Related article: How to keep Danes from speaking Danish to you

Are there some phrases you found useful, that other students can use when on an exchange semester?

Here are my 3 necessary phrases while I was on exchange semester in Aarhus!

  1. Det var så lidt (You are welcome)

I used this when someone thanked for something. It was nice to be able to reply to a thank you.


  1. Tusind tak (A thousand thanks)

This one I used when someone did me a bigger favor, than usual, or if it was to people whom I didn’t know too well.


  1. Tak, I lige måde (Thank you, and you too!)

Every time I went to the supermarket, they would say: Ha’ en god weekend, and I would be able to wish them a good weekend back, haha!

I actually practiced these sentences with my tandem-partner, to feel more comfortable when using it in real life situations.


How was it to have a tandem-partner?

It was really good! I’ve had a few different tandem-partners, during my exchange semester in Aarhus! The first girl lived at the same residence as me, so we often cooked Danish food together. She was very busy though, so I tried to find a new tandem-partner on Swap Language, where I got two new tandem-partners.

“For me personally, it was harder to understand Danish, than to speak Danish”

Through this experience I found out that it is important to me, that my tandem-partner is almost the same age as me, to make it work. So I kept seeing with the one that was my age. I felt more comfortable with a person on my own age. I like teaching someone German, so for us, it was perfect that we both was beginners in Danish and German.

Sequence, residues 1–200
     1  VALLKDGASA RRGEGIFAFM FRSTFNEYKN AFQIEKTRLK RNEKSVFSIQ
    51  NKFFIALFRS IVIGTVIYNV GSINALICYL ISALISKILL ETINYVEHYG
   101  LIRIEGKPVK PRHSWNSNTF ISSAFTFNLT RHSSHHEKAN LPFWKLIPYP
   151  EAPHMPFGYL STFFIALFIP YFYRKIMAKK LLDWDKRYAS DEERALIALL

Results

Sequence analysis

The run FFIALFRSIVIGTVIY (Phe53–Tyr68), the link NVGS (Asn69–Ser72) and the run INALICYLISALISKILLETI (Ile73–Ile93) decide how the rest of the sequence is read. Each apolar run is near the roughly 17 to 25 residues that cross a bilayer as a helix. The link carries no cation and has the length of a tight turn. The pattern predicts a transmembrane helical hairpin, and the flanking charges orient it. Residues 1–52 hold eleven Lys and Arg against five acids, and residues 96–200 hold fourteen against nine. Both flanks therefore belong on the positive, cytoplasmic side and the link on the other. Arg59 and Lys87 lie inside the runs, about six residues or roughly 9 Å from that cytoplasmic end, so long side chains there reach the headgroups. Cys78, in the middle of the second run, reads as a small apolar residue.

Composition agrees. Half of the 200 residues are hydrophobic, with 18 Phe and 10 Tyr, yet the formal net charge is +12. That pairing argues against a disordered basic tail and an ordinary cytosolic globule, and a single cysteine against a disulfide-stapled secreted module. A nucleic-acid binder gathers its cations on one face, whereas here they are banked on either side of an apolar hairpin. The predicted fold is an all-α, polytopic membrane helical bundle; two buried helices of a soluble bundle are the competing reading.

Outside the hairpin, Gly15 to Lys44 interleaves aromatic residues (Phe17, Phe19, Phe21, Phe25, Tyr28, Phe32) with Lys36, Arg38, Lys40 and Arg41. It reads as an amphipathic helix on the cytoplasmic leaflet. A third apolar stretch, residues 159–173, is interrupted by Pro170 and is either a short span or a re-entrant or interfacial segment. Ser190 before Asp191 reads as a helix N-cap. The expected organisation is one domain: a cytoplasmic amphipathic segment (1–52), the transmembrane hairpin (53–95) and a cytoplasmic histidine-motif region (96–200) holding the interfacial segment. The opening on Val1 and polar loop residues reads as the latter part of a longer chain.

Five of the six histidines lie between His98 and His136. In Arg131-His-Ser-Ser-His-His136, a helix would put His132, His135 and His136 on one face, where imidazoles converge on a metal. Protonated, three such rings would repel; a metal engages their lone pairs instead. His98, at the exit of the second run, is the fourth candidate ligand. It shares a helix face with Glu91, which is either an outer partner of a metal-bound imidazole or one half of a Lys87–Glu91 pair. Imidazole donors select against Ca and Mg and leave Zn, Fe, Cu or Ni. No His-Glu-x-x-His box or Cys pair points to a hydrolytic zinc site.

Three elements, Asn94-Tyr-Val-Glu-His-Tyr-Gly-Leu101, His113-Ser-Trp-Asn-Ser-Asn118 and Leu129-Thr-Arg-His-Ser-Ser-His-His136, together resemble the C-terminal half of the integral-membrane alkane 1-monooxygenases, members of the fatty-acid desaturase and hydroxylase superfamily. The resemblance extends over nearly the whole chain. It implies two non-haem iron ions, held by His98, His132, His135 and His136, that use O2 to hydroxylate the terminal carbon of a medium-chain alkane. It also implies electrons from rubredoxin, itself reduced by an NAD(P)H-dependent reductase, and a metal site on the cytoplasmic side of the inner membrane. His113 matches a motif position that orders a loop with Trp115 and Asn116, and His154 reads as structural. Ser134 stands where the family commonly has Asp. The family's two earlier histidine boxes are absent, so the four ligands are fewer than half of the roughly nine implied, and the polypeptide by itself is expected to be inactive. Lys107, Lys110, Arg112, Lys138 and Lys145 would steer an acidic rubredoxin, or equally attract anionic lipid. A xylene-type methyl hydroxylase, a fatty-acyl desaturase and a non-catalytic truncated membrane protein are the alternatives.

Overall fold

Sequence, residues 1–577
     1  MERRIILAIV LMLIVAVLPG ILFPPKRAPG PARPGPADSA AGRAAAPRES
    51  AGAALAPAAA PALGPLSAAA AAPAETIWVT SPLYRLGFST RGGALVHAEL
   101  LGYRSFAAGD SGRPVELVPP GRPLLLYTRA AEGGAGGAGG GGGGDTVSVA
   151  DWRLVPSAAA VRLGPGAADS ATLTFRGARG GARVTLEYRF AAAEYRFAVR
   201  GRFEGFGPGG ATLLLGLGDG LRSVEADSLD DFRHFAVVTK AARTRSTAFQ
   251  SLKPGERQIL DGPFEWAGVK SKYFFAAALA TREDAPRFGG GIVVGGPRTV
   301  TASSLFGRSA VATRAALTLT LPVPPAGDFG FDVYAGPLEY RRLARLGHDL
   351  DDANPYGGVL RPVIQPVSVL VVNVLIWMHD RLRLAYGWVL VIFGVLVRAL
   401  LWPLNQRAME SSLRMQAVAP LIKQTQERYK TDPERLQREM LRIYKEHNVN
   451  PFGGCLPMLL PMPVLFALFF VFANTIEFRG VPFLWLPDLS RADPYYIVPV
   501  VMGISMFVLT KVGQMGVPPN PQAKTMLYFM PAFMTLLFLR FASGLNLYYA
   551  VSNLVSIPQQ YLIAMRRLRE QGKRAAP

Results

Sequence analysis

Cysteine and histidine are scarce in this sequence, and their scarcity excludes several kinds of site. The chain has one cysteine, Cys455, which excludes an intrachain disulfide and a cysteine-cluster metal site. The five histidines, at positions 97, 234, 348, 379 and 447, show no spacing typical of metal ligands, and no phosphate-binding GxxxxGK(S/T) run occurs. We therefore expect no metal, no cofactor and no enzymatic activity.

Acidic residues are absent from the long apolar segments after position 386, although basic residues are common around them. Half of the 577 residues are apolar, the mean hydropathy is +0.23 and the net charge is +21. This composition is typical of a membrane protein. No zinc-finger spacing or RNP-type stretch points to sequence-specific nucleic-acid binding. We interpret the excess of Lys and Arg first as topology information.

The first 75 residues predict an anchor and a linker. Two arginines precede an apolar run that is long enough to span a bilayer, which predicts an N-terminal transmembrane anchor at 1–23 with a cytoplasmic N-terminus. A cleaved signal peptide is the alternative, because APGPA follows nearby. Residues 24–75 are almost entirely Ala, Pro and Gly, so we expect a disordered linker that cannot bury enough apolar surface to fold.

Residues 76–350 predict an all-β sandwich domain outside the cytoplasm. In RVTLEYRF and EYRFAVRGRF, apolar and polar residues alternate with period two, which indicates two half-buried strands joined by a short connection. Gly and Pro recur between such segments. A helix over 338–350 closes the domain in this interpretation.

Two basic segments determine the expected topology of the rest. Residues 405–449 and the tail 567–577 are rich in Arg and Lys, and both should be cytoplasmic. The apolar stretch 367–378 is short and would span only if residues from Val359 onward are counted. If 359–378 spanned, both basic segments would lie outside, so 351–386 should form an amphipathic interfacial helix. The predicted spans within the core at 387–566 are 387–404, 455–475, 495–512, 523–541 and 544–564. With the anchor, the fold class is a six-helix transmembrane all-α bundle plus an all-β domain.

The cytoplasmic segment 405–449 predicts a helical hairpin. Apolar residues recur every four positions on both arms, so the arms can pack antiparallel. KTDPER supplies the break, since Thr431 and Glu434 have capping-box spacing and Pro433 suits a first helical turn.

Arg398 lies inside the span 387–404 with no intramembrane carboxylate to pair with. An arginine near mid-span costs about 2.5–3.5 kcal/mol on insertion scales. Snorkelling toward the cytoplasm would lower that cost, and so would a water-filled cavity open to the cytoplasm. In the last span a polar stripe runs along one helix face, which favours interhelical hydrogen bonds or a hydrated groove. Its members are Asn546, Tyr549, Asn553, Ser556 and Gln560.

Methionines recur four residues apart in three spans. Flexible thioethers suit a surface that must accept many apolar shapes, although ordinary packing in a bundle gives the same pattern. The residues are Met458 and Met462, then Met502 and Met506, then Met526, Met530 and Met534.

It sounds like you have had a tandem-partner before?

Yes, I had a tandem-partner when I lived in Ireland as well. That was the first time I tried having someone to swap languages with. And if there is a Danish person reading this who are living in Berlin, please contact me, I need a tandem-partner.

Did you learn something that you never would have learnt at a language course?

I learnt a lot about the equality between the rich and poor people in Denmark, the social gestures and other stuff. I feel like I had an insight to a normal Danish perspective of the society.
You could say that our meetings were focused on the language and the culture differences.

How was it to find a tandem-partner online and then meet first time somewhere in the city?

I was surprised how well it went! We decided to meet at the studenthouse in the café. We connected straight away, so we also ended up talking a lot together during my stay! It was lucky that I met Nanna!

Do you have any advice to the next exchange students who arrive to Denmark on an exhange semester?

They should really try to get to know Danish people. During the orientation week we heard that Danish people are hard to get to know, but that is not how I experienced it! So I think it was a shame that they gave us that impression of the Danish people. Don’t be afraid to make contact, just do it.

I only met great Danish people during my exchange semester.